I was introduced to this little shop on the weekend, and I could have spent years in here. It’s an amazing treasure trove of wax seals, leather journals, quills and assorted oddities. If I could have bought the entire shop, I would have. They don’t really sell reading books, the only books on display were some very expensive folio editions (cheaper to become a devoted member of the Folio Society and purchase heavily for a time) but if I ever win the lottery I will be going back to stock up my desks. I can see me now writing in a leather-bound tome with gold engraving, writing in an elegant script with a peacock feather quill and rainbow coloured inks. The perfect place to act out your Romantic/Gothic/Medieval/Harry Potter fantasy.
I came away with some vintage look postcards showing animals on vintage maps. There were two of each so I will have one to frame and another to send to lucky recipients. I will have to go back soon though. I’m sure that come pay-day I can justify my new-found need for a magnifying glass, butterfly patterned sticky notes and a few pretty marbled notebooks. Definitely worth a visit if you’re in the Oxford area, their website is http://www.scriptum.co.uk/
Doubtless anyone who reads the news will have heard about the recent outcry about the censorship of racist language in the latest version of Huckleberry Finn from New South books, in which the n- word has been replaced with “slave” and “injun” with a more standardised spelling, which they doubtless feel will be less shocking to parents on the boards of schools which they feel shy away from studying the text because of the racist language.
My two pennies worth? Aside from the fact that it is a satirical novel which criticises slavery (a pretty decent reason in itself not to censor) what is this sanitized version of history teaching children? I’m sure there are things in the past we would all like to airbrush away, unpleasant things we would like to sweep under the carpet, but I don’t think an oppressive period in history should be one of them.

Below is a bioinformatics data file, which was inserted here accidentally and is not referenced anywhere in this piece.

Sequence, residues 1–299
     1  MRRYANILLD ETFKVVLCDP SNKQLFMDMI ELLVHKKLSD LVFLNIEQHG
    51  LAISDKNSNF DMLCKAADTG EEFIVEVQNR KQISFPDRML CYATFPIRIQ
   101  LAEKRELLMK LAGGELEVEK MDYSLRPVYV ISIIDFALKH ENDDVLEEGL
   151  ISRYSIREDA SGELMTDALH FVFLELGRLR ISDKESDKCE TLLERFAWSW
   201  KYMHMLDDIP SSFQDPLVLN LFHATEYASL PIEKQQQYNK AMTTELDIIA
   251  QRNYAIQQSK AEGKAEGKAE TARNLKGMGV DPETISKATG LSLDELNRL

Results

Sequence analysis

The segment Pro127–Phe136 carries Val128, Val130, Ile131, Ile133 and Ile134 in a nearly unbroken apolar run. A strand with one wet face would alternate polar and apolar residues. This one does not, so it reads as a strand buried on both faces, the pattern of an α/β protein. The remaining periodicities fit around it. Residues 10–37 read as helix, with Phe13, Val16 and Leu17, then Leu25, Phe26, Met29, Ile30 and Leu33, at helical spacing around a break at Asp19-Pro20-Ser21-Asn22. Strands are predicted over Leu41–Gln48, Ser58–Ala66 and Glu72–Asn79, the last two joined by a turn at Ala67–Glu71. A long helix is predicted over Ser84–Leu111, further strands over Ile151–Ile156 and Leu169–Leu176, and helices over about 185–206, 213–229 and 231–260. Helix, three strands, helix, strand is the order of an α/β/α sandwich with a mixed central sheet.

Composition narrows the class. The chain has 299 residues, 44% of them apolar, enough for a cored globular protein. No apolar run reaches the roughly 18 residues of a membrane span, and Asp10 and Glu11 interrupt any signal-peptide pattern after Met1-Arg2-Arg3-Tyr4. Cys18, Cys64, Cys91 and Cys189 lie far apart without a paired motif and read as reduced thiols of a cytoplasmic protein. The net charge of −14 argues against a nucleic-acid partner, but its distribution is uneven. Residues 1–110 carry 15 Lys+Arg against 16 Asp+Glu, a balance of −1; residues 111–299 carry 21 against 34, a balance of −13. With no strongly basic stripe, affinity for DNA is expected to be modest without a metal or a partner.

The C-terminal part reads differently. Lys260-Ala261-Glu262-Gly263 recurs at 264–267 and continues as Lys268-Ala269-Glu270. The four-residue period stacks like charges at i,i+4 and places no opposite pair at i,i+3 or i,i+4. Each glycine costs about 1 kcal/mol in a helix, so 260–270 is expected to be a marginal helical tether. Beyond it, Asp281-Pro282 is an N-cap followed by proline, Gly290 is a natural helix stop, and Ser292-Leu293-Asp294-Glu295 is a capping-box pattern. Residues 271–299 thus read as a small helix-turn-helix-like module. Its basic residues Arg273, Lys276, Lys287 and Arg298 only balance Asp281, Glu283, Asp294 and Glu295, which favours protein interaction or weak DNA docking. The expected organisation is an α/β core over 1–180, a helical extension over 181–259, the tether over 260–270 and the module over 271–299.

When I was teaching I taught Of Mice and Men to my GCSE groups, and rather than shying away from the racism, sexism and prejudice against disability that are used in class, we tackled it head on. For example, which vocabulary did the students feel was appropriate to use? Why did they think that the author had used it? This gave rise to meaningful discussions which lead to the student deciding that Steinbeck’s portrayal of Crooks did not make him a racist, but reflected the attitudes towards black people in the era the novel was written. We discussed the Jim Crow laws. The students learned about the Ku Klux clan. We listened to Billie Holliday singing Strange Fruit and the students learned more about the historical period than they otherwise would have by avoiding the use of the n word.
I think it is more useful to teach young people and readers in general to open their minds to what they are reading and allow them to feel comfortable in challenging the attitudes and values presented in the text.
I hope everyone has a wonderful 2011. You may have noticed that I’ve been fairly quiet over the festive season (and a bit before if we’re being honest). There have been a number of reasons for this: flu, hibernation tendencies, a brief fetish for cross stitching (thanks Kirstie Allsop) and of course, Christmas parties.
The biggest reason though is I’ve been stuck with a completely uninspiring book. I’ve been at it for about two weeks now and I’ve only made it 200 pages through A.S. Byatt’s The Children’s Book. I’ll save it for the full review for you to have a breakdown of it, but it’s really dragging and has even managed to make me disinclined to write reviews of some other books I’d read before this.
Eight weeks in my handbag have taken their toll on the pretty cover
On the bright side though, I’m looking forward to getting started on some books I received in December. I had my birthday as well as Christmas in that month, and my family passed on a few books as well. I managed to avoid any celebrity biographies/autobiographies which was nice (an amusing breakdown of the genre from Eva Wiseman here) in fact my older sister, most likely to be guilty of gifting such a crime, gave me some YA fallen angel fictions that I’d fancied on my last visit to her house. I’m on a mission to finish the bloody Children’s Book before I start on What The Dickens? the only book my father got me for Christmas this year, but it looks just the ticket.
When I make it through my unread book pile (which has grown considerably during the Byatt lull) I also have a Waterstones voucher from my boyfriend’s mother which I am sure I will enjoy spending 🙂